July 11, 2005: Staying on guard
Index to all entries It didn't take long after the bombings in London to have people over here...
It didn't take long after the bombings in London to have people over here wondering out loud about security in and around the Tour de France, and even Lance Armstrong noted the tragedy in his post-race comments. "Once again, free society is struck by needless and senseless terror. I think we've all had enough but it seems like the enemies are persistent. Obviously, my heart goes out to all the people in Great Britain and to the Prime Minister," he said following Stage 6.
The sport of cycling sport lends itself to being very near to its fans, sometimes literally inches away, especially on mountain climbs. And when you add in that Lance Armstrong is as much an American icon over here as he is a 6-time Tour champion, the Tour being a potential target for terrorism is not something to take lightly.
Protecting 189 riders plus the thousands of people who work the Tour and the millions who witness the overall event requires a major security presence. In the macro sense, 13,000 members of the French military and 9,000 local policemen are employed in a variety of ways ranging from traffic control to being stationed every few hundred yards in areas where crowds are largest. Add in 45 policemen on motorcycles traveling with the peloton and that's a very visible force.
But the reality of completely securing 3584 kms/2227 miles of road is that it's basically an impossible task. There's plenty of technology available and being used by terrorists today that allow attacks from remote locations in very undetectable ways, such as roadside car bombs.
Even a crazed fan might try to bring a rider down. In 1975 a French spectator punched five-time Tour champion Eddy Merckx in the stomach, and Armstrong has received several death threats over the years including last year's Time Trial up Alpe d'Huez. With a million people on the mountain it was a security nightmare. "We were terrified," team manager Johan Bruyneel said afterwards. And so, given the long distances that each stage covers through a variety of terrain as well as rural and urban settings, the Tour de France protects what it can and hopes that general vigilance and speed will get them through the day.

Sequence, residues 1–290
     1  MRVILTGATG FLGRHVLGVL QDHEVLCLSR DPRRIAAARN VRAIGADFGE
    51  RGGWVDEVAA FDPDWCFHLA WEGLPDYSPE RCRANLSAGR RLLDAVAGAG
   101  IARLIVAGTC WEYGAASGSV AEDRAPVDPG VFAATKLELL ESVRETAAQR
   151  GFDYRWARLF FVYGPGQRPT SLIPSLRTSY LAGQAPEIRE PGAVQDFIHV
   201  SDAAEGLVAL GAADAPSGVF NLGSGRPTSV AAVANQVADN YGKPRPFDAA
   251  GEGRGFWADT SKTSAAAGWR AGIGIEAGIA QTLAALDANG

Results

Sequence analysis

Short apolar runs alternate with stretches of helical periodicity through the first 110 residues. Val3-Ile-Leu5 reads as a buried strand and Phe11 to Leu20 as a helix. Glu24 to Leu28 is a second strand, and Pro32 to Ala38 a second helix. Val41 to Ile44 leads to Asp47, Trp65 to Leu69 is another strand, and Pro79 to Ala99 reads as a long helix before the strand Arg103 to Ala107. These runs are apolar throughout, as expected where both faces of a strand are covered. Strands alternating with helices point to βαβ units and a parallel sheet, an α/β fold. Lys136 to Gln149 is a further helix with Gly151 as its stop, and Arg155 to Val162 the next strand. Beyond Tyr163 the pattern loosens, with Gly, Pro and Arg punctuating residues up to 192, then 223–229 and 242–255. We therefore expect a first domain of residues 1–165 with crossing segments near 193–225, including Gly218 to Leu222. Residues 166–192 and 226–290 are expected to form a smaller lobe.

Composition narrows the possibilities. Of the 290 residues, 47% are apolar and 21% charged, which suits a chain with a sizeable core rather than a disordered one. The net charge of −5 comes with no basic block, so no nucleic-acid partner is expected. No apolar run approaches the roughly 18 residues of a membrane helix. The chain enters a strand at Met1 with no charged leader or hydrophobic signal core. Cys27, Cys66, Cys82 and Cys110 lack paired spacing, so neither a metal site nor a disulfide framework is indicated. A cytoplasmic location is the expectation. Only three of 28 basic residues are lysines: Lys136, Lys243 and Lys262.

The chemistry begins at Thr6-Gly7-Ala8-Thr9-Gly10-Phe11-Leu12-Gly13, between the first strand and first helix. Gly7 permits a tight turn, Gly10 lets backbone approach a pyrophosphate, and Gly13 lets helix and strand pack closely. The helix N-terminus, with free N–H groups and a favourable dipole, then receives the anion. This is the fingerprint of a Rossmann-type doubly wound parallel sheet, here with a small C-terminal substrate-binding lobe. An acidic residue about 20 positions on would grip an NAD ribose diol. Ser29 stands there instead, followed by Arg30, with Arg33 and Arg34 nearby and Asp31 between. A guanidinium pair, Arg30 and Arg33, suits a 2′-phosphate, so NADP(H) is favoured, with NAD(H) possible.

Lance Armstrong knows that his situation is unique and requires special attention. In addition to his two personal bodyguards, Texas' own Erwin Ballata and Belgian Serge Borlee, there are several French plainclothes policemen within the crowd at the beginning and end of each stage. Erwin summed up his role this way, "We coordinate with a variety of agencies here, including the Tour security, local police, and whatever security staff they have at the hotels. We have to make sure that Lance is safe and secure, but also that the people have a chance to get to meet him."
Erwin and Serge literally run with Lance to the start line and then catch him afterwards, whisking him away in a team car after all the ceremonies in a vehicle they have dubbed "Air Force One." And much like a head of state, Lance is expected to work the crowd, sign autographs, pose for pictures, and get very close to the masses. But unlike a head of state, Lance stays in general hotels with very visible team buses and trucks so it doesn't take long to figure out where he's at.
I've said many time that there are only 3 things that can stop Lance Armstrong from winning the Tour de France: illness, injury, and incident. With a security force that numbers in the thousands, here's hoping that "incident" is never one of them.
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